I love sharing books with my kids. I have recommended many books to Natalie that I loved as a kid, and now she has started to reciprocate. The Devil’s Arithmetic by Jane Yolen is a book she read and then said, “Mom, you have to read this book!” So I did.
Hannah is a twelve-year-old modern Jewish girl. She has been raised with a hodge-podge of tradition, and her family is not very observant. They do, however, spend Passover with her mother’s family. Her grandfather goes a little crazy during the Passover meal, flashing the number tattooed on his arm that indicates he is a survivor of the Holocaust. Hannah, being a slightly selfish tween, can’t understand what all the fuss is about.
Then Hannah opens the door to her grandparents’ apartment during the part of the Passover dinner when the door is opened to allow the prophet Elijah to enter. And instead of seeing the hallway of an apartment building, she sees a field. When she turns back to the apartment, she is in a small home with a strange woman who keeps calling her Chaya. She tries to settle into what seems to be her new life, when she realizes what year it is. It’s 1942, and she’s living with Jews. And when they are rounded up and taken to a concentration camp, Hannah is taken with them – and she soon realizes what her grandparents have been trying to teach her.
The Devil’s Arithmetic is an extremely well written and moving novel of the holocaust. The things that Hannah experience are unspeakable, and so this is not a book for young children. It is a YA novel. I would say it would be all right for kids 12 and up, unless they are especially sensitive.
After I read the book, the kids and I sat down to watch the film version of The Devil’s Arithmetic, which stars Kirsten Dunst. The film was made by Showtime, and Academy Award-winner Dustin Hoffman gives a very moving introduction to the film.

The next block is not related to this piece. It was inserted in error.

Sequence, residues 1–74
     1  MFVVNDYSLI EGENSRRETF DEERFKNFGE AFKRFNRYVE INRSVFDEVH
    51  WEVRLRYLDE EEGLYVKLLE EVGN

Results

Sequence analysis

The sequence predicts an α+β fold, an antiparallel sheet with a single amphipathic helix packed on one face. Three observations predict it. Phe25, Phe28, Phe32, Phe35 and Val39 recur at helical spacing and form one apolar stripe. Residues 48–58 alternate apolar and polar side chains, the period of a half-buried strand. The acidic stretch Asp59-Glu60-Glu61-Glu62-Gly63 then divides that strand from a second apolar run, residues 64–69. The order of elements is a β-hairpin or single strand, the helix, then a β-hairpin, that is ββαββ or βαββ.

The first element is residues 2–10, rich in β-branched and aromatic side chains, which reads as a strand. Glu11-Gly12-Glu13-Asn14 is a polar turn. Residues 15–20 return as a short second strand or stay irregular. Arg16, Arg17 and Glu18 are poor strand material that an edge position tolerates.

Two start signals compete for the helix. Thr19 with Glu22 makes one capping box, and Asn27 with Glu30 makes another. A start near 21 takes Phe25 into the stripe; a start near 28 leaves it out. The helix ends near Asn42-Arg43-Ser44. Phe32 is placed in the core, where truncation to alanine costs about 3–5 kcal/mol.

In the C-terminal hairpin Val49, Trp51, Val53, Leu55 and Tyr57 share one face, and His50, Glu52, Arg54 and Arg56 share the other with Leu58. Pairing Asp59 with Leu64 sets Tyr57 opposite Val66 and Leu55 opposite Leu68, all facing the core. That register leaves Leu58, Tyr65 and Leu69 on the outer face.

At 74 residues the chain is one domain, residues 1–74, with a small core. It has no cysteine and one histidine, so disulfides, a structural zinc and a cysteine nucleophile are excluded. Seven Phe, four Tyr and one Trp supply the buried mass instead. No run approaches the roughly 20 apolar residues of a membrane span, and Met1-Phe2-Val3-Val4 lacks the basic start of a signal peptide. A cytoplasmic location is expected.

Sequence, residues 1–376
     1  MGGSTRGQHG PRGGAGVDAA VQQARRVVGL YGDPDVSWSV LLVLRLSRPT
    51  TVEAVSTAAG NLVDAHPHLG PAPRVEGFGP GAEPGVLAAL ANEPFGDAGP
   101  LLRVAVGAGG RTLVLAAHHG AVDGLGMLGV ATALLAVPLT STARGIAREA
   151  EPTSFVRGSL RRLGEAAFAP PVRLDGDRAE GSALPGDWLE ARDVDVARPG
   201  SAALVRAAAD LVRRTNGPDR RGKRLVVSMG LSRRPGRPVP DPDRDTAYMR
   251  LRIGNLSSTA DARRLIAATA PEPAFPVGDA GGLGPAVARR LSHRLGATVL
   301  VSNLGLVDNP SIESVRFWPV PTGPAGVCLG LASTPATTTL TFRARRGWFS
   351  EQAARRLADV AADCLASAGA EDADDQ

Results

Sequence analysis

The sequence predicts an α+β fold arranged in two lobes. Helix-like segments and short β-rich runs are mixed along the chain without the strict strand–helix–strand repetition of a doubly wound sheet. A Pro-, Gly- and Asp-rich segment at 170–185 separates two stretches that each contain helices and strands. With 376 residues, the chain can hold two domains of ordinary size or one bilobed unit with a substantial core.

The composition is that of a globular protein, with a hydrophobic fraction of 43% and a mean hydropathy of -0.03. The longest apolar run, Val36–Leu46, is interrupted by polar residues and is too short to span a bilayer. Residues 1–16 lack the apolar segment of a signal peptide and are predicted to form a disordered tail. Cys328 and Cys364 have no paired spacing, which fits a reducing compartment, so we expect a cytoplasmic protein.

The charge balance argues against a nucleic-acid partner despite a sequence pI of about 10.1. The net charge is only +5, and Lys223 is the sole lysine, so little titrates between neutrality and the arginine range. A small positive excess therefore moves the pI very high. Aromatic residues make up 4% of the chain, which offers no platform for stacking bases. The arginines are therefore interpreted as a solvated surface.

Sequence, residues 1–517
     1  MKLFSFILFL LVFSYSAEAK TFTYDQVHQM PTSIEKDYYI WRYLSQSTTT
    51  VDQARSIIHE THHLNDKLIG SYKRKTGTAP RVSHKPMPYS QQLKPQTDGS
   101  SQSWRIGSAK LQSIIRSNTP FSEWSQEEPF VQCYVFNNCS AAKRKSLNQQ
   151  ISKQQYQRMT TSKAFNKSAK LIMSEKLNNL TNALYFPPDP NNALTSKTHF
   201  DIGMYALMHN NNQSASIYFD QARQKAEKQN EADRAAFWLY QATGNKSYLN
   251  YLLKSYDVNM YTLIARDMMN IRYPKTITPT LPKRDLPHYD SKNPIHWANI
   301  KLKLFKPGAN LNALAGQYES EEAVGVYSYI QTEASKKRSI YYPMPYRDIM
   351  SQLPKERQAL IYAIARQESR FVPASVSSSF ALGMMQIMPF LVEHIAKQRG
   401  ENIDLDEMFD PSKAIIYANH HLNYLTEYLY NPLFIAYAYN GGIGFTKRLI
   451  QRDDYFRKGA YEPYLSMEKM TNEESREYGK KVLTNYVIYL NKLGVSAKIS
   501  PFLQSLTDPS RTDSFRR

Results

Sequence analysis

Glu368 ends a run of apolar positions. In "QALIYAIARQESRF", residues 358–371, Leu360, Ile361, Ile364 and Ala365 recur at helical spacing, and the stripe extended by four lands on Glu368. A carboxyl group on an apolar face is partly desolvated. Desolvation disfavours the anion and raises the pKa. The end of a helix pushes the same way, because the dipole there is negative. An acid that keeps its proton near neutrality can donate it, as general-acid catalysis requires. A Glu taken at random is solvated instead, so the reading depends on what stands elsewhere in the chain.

There are a few changes to the film, but I don’t think they detract from the overall story of the book. In the movie, Hannah is a teenager, not a tween. The film opens with a scene in a tattoo parlor, where Hannah watches her friends get tattoos and contemplates which one she should get. She has to rush off for Passover dinner, and doesn’t have time to get one. This becomes a poignant moment later in the film, when Hannah is tattooed in the concentration camp. These scenes were not in the book, but did add to the impact of the film, in my opinion.
In the book, Hannah is transported to the home of a woman and her brother, on the morning of the brother’s wedding. The woman is Hannah’s cousin and calls her “Chaya.” In the film, the cousin is a teenage girl the same age as Hannah, and Hannah’s name doesn’t change. This doesn’t hurt the story, as her teenaged cousin, Rivka, is played by Brittany Murphy, who is heartbreaking and brilliant in this role. The only other major change is that they add a love interest to Hannah’s story. This didn’t detract from the storyline, but was unnecessary.
The movie is not easy to watch, and my boys almost didn’t finish it. In hindsight, I probably would have only watched it with Natalie, my oldest. The scenes in the concentration camp are not gratuitous, but they are realistic, and that in itself is horrifying. I would save the film for kids ages 12 and up – with the suggestion that if your 12-year-old is especially empathetic, wait a while longer.
Carrie Kitzmiller is a homeschooling mom of four and a freelance writer in her “spare” time. When she’s not correcting grammar and math papers, reading aloud, scaling mountains of laundry, keeping her house clean (enough), or writing, you can find her with her nose in a book.
Remember Jennifer is posting about her eye-opening trip to the Dominican Republic with Compassion over at 5 Minutes for Mom.